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TV streaming service Locast suspends service after court ruling

@Locast

After losing in court against the broadcast industry, Locast, a service that aired local TV for free in around three dozen U.S. locales, is shutting down.

In 2019, the owners of the country’s four broadcast TV networks — ABC, CBS, NBC, and Fox – sued Locast, alleging that the service infringed on their copyrights and demanded that it be shut down.

Locast claims that because it is a nonprofit, it has discovered a legal loophole in copyright law that allows it to stream ABC, CBS, NBC, and Fox networks without paying for them.

The networks’ owners generate billions of dollars each year in fees from cable companies who pay to include them in TV bundles.

However, a federal judge in New York concluded on Tuesday that Locast is not protected by the copyright exception.

He claims that Locast is effectively charging consumers and then using the money to grow its service, which he claims is illegal.

While Locast is free, customers who do not pay $5 per month will receive a 15-minute ad requesting a donation.

The judge “interpreted the law in an artificially narrow way,” according to the Electronic Frontier Foundation, which has represented Locast in court, and Locast was fulfilling Congress’ purpose to ensure that Americans have access to their local broadcast stations.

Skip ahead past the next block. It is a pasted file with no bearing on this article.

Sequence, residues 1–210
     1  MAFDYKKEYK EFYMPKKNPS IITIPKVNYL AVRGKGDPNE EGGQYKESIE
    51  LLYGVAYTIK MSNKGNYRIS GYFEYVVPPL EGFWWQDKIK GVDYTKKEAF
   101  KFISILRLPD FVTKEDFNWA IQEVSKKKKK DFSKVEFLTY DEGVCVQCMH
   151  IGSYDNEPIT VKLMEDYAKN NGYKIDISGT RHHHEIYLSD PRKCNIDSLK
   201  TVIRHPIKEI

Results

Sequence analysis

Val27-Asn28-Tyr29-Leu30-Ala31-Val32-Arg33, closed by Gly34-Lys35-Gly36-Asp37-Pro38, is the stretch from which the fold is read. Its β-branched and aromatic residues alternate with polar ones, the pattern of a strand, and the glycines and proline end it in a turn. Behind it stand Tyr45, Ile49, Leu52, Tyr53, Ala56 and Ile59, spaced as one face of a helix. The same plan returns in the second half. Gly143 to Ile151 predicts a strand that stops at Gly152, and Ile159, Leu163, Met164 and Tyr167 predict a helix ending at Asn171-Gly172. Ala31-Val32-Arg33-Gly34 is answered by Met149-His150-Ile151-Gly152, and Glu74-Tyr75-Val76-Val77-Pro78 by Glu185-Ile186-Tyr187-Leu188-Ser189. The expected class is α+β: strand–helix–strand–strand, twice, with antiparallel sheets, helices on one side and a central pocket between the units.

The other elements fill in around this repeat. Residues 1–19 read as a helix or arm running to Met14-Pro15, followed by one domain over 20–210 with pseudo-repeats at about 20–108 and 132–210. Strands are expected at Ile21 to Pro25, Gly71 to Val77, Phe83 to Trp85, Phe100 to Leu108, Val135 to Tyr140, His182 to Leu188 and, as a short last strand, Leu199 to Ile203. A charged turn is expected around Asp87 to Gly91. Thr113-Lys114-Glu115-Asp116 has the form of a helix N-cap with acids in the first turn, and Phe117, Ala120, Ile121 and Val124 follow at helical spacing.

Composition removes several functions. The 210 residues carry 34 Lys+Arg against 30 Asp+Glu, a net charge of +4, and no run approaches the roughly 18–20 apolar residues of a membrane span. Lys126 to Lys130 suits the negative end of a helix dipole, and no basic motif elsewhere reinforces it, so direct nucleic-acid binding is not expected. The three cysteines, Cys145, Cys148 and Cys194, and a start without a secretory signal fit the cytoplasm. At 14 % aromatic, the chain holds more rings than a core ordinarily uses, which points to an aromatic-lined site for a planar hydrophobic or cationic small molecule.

Locast has been around for a long time, but it has slipped under the spotlight as new streaming services have piqued people’s interest. According to the EFF, it had over 3 million users.

As a nonprofit, Locast was designed from the very beginning to operate in accordance with the strict letter of the law, but in response to the court’s recent rulings, with which we respectfully disagree, we are hereby suspending operations, effective immediately, ” a press release Thursday from the company said.

According to EFF attorney Mitch Stoltz, the legal case will continue, including an appeal, to resolve the outstanding issues. He didn’t say what the problems are.

The major broadcast networks are also free in various ways, such as through a TV antenna, which can be purchased for less than $10.

Disney owns ABC, ViacomCBS owns CBS, Comcast’s NBCUniversal owns NBC and Fox Corp. owns Fox.

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